PURE diet score revealed, advocates saturated fats

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A diet high in vegetables, nuts, fish, dairy, legumes, fruit and red meat helps to lower mortality and cardiovascular events, according to new data.
The Prospective Urban Rural Epidemiology (PURE) study team recently revealed their healthy diet score at the European Society of Cardiology (ESC) Congress 2018.
The PURE diet recommends high fat intake, including saturated fat, to improve health. While this type of low carb, high fat diet goes against current dietary guidelines, the researchers behind PURE have since called for UK guidelines to change.
The PURE diet score is calculated by adding up the values for their seven foods recommended with 7 being the least healthy and 35 the most.
It has not been developed with people with diabetes specifically in mind, and those with diabetes or insulin resistance may therefore need to be more cautious with higher carbohydrate foods such as starchy vegetables, legumes and fruit. Many people with diabetes find blood sugar levels easier to control by eliminating these foods.
The researchers have validated the score in three independent study databases – one trial in patients with heart disease called ONTARGET and two studies in healthy individuals called INTERHEART and INTERSTROKE.
“There is consistency across four international studies using different designs involving 218,000 people from 50 countries,” said PURE investigator Andrew Mente, PhD in an interview with Medscape Cardiology.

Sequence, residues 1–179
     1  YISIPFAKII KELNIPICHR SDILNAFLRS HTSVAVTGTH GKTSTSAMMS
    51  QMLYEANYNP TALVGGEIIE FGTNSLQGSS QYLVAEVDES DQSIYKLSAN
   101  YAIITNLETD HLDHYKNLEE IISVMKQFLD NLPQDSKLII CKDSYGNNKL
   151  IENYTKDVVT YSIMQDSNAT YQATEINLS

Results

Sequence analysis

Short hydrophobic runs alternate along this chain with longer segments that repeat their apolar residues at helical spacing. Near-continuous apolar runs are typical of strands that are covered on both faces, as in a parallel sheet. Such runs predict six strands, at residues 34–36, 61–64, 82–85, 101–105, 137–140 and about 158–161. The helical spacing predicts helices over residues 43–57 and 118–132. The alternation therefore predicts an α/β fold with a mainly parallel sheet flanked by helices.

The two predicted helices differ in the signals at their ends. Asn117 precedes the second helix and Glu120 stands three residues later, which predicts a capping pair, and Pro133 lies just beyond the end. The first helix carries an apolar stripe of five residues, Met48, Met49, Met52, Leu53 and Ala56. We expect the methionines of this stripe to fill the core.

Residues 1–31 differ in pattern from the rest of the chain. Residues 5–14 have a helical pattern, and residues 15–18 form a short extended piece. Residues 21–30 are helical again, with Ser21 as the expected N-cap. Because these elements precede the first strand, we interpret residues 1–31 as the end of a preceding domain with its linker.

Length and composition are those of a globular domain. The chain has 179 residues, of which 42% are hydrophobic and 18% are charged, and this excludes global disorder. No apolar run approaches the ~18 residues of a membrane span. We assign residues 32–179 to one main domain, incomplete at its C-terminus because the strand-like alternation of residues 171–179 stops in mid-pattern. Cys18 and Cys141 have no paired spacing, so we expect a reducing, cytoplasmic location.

“Our advice is not so different from other guidelines on the balance of fat, carbohydrate, and protein that should make up the diet, other than we advocate a modest amount of saturated fat. But our score is not based on nutrients. It is based on foods. You don’t go into a restaurant and order a specific amount of fat or protein. You order specific foods.”
Last year the PURE team observed that total fat, saturated and unsaturated fat intakes were not associated with cardiovascular disease, myocardial infarction or mortality. These findings remained even after results were adjusted for age, sex and diabetes, among other health markers.
The ongoing PURE study is assessing the link between diet and mortality plus various health outcomes in 138,000 people worldwide. It is one of the longest comprehensive studies of diet and health to date.
Editor’s note: At Diabetes.co.uk we too affirm that healthy sources of saturated fat are to be enjoyed as part of a healthy diet. For more information visit our multiple-award-winning Low Carb Program.